I confess, I am 100% guilty of doing it myself. When I see other pregnant friends, my mouth says hi, but my eyes automatically drop to their belly. The first, and at times only, thing I usually ask about is related in some way to their pregnancy. Being now on the receiving end of this, I want to say sometimes, “I am really excited about this and think about this a whole lot. But I am not my pregnancy. There are other things going on in my life, heart and mind that I’d love to talk about too.” When I see moms with their very young children, I’m guilty again as charged. I say hi to the mom but my attention automatically goes to the little person in mom’s arms, and that’s what we talk about. I forget that the mom was her own person before this little critter took over her world.
I do this to my patients and their parents without realizing it. I see the patient, and see the vital signs. I see the tubes and the medication lines attached, and I form a list of tasks in my mind to define who this patient will be to me today. A busy patient. An easy patient. A high maintenance family. A helpful family. They are who they are in this hospital room until I see the photos and hear the stories that show me a fuller picture of who this patient and this family was before illness struck. A love for bicycles, art, and silly hand-painting projects. An honors student who got in some trouble here and there but was trying to work things out. And then I remember, this child is ill, but this child is not his or her illness.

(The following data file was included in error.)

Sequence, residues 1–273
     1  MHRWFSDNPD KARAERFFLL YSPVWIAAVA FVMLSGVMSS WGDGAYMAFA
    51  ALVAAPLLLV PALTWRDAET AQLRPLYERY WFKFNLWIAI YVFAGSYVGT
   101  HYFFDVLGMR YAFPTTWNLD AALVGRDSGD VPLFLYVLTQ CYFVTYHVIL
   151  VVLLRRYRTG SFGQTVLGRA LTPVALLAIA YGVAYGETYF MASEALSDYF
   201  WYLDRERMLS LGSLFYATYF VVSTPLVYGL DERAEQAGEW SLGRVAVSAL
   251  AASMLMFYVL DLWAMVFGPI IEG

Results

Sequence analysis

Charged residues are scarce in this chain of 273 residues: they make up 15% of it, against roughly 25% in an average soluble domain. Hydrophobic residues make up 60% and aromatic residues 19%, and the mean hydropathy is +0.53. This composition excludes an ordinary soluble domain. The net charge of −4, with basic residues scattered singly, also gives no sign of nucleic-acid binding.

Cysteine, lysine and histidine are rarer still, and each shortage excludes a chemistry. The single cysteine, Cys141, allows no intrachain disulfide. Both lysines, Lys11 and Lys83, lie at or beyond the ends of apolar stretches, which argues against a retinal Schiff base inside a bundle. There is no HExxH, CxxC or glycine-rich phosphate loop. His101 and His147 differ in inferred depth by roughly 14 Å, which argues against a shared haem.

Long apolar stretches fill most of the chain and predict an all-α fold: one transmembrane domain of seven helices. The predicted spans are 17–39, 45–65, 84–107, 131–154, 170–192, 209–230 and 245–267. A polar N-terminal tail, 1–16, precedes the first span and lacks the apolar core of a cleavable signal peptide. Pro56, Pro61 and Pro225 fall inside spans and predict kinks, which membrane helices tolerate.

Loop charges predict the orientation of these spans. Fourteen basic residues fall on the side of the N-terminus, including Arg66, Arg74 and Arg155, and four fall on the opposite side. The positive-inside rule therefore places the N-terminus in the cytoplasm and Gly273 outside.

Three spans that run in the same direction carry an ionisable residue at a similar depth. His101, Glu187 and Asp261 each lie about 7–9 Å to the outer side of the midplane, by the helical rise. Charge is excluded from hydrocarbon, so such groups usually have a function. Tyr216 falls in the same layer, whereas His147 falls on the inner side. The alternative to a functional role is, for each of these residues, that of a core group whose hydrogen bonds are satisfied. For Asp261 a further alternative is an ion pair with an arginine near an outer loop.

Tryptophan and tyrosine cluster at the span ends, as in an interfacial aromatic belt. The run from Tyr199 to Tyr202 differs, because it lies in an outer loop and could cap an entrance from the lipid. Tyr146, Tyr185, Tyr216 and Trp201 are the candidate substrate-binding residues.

This morning, I woke up to a busy day ahead at church. I was tired on many levels. I had just worked two busy 12-hour nursing shifts the previous two days. I said to the husband, “Sometimes it’s hard to be both a nurse and a pastor’s wife.” And then my Father in Heaven reminded me, “Well, good, because that’s not who you are today. Don’t be a nurse. Don’t be the pastor’s wife. You are a child of God. You are a friend to those in your church community, and they are friends to you. So just be who you are today because that’s what you need the freedom to be.”
Today, I kept conversations about my pregnancy to a minimum. I tried hard not to look at my church community through the lens of a concerned pastor’s wife, but just as one who was simply part of the community, just being me, being there. I know the roles are necessary sometimes. But today, it wasn’t about the roles, and that made today a really good day.